The idea of four-dollar cocktails proved too tempting for me to resist; so last Saturday I found myself spending the hours between 4pm and 6pm ensconced in the modern warehouse setting of Neild Avenue. I took along the Bar Fly, and between us we managed to cover their whole range of Ore Del Sole cheapies, twice over. Being a warm day, I got hooked on the Campari Granita (with an Aperol & Cider chaser). Word is: both Neild Avenue and sister restaurant North Bondi Italian Food will be keeping the weekend aperitivo special, though methinks the prices may have to rise!
Another of my preferred tipples, Wild Brumby, has three short-run seasonal schnapps flavours on offer right now. As it’s raspberry season in the Snowy Mountains, they’ve been busily handpicking their own organic berries and distilled them into a wonderful Raspberry Schnapps. It’s a rare opportunity to drink a schnapps made totally on the one property, from fruit to glass. They’ve also worked their alcoholic magic on fresh Queensland mangoes and local sour cherries.
After a tantalising reminder of just how good Indian food can be at the book launch at Aki’s Woolloomooloo, I was eager to get my hands on Kumar Mahadevan’s From India [RRP $59.95]. The first curry I cooked was the aromatic chicken curry from Kumar’s hometown of Tirunelveli – and I was hooked! Without the book, I’d never have thought to add spices like cumin seeds, fried curry leaves, garam masala and crushed coriander seeds at the end of cooking, but it makes for one fragrant curry! Of course recipes are even better when situated by personal anecdotes, and this book also gives you an insight into the love story of Kumar and Suba. I’ve just finished reproducing a second recipe from the book, and it too was a winner!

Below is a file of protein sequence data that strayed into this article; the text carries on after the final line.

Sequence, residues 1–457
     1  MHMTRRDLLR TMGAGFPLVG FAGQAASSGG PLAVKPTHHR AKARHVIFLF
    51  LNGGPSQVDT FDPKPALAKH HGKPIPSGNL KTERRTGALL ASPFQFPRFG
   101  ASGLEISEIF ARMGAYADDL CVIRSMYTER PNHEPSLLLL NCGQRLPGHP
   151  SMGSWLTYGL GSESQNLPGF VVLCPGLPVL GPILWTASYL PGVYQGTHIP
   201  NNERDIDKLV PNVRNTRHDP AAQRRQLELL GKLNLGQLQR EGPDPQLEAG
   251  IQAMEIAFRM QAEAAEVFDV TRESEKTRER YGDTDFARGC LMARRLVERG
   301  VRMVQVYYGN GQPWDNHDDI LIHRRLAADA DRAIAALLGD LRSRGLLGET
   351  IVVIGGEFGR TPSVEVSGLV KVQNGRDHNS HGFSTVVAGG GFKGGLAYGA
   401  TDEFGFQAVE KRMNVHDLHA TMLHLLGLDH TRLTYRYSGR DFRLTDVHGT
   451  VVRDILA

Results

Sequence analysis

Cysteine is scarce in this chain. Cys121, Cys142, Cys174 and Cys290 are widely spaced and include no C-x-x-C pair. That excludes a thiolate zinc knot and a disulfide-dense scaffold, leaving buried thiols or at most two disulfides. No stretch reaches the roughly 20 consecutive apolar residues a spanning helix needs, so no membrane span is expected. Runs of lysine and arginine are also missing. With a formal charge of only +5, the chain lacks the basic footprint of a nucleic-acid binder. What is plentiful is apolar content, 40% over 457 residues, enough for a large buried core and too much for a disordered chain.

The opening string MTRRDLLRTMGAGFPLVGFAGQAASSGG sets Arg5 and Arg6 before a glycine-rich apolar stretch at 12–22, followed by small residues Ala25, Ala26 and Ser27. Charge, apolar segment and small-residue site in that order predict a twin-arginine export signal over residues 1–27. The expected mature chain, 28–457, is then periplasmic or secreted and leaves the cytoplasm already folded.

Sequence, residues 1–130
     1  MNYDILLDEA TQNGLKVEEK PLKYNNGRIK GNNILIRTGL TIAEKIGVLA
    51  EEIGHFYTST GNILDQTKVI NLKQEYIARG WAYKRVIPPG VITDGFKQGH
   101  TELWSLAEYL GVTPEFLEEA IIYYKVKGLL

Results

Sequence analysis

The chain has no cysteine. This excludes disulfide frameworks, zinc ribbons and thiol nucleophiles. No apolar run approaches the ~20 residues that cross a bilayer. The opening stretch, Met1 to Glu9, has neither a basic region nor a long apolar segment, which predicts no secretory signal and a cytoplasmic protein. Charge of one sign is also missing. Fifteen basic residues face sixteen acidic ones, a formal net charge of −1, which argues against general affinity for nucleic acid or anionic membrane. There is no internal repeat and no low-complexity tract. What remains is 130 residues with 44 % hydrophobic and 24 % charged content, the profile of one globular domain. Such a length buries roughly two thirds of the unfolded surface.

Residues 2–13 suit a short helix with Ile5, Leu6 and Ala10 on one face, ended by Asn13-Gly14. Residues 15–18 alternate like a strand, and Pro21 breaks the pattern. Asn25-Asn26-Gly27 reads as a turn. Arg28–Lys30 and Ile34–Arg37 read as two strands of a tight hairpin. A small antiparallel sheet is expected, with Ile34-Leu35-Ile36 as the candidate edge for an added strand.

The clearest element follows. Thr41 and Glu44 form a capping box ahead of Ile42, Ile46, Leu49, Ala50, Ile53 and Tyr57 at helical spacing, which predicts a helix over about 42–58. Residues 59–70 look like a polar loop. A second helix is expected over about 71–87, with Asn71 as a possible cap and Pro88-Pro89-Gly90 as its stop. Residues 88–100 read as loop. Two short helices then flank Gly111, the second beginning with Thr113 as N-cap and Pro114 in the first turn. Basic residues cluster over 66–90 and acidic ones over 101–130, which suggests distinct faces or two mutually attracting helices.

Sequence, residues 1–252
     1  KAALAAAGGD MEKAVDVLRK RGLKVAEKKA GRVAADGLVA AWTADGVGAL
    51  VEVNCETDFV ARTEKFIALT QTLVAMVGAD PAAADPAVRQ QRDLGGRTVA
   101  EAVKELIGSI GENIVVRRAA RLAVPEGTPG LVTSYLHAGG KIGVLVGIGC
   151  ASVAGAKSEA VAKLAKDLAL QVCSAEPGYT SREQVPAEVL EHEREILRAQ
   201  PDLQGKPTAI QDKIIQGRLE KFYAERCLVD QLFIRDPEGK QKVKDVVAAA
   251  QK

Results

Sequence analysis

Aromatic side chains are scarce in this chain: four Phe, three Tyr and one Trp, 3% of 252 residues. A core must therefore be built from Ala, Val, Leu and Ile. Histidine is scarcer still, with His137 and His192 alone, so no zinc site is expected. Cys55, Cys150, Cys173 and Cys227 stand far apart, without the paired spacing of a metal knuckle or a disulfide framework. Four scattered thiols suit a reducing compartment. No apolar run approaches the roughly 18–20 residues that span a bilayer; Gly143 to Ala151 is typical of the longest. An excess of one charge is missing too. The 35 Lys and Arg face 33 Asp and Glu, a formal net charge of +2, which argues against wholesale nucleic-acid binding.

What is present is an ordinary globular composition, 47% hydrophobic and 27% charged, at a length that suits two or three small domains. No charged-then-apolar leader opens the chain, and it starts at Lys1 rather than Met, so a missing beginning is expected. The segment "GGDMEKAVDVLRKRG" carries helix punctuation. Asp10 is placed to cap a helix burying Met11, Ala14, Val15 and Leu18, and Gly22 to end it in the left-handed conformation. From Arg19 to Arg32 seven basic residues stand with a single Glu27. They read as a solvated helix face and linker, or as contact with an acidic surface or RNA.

Monkey Shoulder [RRP $48.99] is the blended malt whisky for those who don’t even think they like them! Scoring a bottle, I did my first sip neat but quickly discovered just how versatile this product is! I’ve mixed it into cocktails (taken from their handy website), had it with ginger beer and ginger ale, used it as a balm for colds in a hot lemon and honey, and even given it a run flambéing figs! With a name that stems from the temporary strain distillery workers used to get turning the malting barley by hand, this small batch blend of three single malts (including Glenfiddich and Balvenie) is sure to trip off my tongue next time I’m shopping for a cold-weather spirit.